The Tennessee Bureau of Investigation announced on Friday that it had arrested 32 people for human trafficking in Knoxville. Two of the men arrested in the undercover operation were church pastors.
WBIR reports that the men were arrested during the TBI’s “Operation Someone Like Me” sting, which involved the placement of ads claiming to offer sex with women under the age of 18. Jason Kennedy, one of the men charged, was a children’s minister at Grace Baptist Church in Karns, Tennessee. The church fired him soon after his charges were announced.
Grace Baptist released the following statement on Friday:
‘The children’s pastor of Grace Baptist Church has been terminated as as result of an arrest in a police sting related to prostitution and human trafficking.
The actions of the children’s pastor for which he has been arrested were part of his life outside the church, and we have received no questions or concerns related to his conduct within the church or its ministries.
The children’s pastor was hired two-and-a-half years ago. The church’s background check turned up no issues that indicate any previous problem. In fact, the children’s pastor in his application affirmed that he had no issues in his background of a criminal or other nature.
We are praying for his family and will continue to provide the services of our ministry to them.’
The second man charged was a “creative pastor” at Lifehouse Church in Oakridge named Zubin Parakh. He was a volunteer at the church working his way up to becoming a full-time pastor. He was arrested after he responded to an online ad placed by the TBI operation, in which he agreed to pay $100 for sex with a 17-year-old. Lifehouse claims that Parakh never worked with children during his services.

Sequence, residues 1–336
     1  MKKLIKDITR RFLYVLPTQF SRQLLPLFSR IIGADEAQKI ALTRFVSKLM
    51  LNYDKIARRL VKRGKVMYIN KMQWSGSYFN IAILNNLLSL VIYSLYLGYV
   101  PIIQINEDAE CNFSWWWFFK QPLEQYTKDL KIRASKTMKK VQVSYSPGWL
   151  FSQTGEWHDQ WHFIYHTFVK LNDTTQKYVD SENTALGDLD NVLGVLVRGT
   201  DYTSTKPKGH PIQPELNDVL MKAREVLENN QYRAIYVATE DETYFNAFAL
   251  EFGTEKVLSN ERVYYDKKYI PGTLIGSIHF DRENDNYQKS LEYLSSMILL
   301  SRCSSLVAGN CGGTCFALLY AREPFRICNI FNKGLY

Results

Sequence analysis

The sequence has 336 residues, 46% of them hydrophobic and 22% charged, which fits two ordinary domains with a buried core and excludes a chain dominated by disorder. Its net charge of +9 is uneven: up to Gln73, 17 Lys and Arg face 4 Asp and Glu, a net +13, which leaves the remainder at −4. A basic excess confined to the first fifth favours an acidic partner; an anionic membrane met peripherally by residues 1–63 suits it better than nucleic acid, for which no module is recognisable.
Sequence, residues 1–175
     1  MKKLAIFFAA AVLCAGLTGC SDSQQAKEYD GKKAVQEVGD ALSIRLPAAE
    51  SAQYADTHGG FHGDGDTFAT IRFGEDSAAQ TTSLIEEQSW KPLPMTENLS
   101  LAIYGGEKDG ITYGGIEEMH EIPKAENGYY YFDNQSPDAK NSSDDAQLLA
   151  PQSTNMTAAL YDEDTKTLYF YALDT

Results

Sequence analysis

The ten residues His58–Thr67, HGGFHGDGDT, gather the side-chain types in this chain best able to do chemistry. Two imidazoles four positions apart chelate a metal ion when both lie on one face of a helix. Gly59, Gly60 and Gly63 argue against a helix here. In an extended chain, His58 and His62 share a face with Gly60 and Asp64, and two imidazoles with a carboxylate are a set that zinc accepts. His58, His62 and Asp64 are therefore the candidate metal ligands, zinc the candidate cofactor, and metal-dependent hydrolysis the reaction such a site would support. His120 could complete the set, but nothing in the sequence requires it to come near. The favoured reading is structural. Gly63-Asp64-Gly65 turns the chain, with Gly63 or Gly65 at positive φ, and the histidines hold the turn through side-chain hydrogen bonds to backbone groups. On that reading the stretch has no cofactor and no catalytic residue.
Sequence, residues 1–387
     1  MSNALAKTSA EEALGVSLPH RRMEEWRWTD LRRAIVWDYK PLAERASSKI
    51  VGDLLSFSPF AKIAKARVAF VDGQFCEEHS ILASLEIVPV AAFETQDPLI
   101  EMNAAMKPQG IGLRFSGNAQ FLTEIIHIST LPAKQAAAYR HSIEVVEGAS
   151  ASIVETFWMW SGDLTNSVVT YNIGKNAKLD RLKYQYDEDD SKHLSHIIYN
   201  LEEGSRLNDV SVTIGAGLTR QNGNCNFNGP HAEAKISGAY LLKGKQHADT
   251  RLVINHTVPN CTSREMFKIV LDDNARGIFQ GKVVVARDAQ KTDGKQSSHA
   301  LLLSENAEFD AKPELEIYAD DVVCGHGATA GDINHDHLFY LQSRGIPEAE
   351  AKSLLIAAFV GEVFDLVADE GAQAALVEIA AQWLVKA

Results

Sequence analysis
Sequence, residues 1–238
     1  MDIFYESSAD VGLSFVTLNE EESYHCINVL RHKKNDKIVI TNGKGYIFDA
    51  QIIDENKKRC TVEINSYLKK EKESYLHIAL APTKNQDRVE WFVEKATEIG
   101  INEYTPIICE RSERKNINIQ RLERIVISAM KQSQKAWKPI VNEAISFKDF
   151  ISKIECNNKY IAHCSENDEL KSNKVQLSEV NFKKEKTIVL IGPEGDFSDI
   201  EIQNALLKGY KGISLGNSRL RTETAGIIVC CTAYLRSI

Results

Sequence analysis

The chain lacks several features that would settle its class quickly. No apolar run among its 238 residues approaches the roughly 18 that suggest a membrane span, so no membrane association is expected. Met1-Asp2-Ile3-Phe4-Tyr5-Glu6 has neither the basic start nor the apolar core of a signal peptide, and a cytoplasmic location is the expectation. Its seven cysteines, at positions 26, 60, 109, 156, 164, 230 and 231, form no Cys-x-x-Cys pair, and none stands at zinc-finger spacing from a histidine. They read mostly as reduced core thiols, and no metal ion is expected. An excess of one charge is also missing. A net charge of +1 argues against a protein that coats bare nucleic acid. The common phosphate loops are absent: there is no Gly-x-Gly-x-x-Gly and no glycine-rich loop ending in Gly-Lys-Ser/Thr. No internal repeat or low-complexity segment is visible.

Community Coalition Against Human Trafficking spokeswoman Kate Trudell released this statement after the sting operation had ended:
‘We are grateful for our relationship that we have with the TBI, and other agencies in our area.
In order to truly put an end to human trafficking in our community we must eradicate the demand. This crime is grossly protected by stereotypes that tell us it happens to certain people in certain places, and many of like to believe that those people and those places are not here in Knoxville, Tenn., but folks, unfortunately, they are. This is happening right here.’
Both churches have reacted with shock to the charges. Senior Pastor Ron Stewart of Grace Baptist stated the following, indicating he had never heard of anything like this in his 28 years at the church:
‘Jason was a guy that talked so much about his wife and how much he loved her, and she talked about how she loved him and their three children. I mean, they were a great family.’
WATE covered the story as well with the following report:
Featured image via WBIR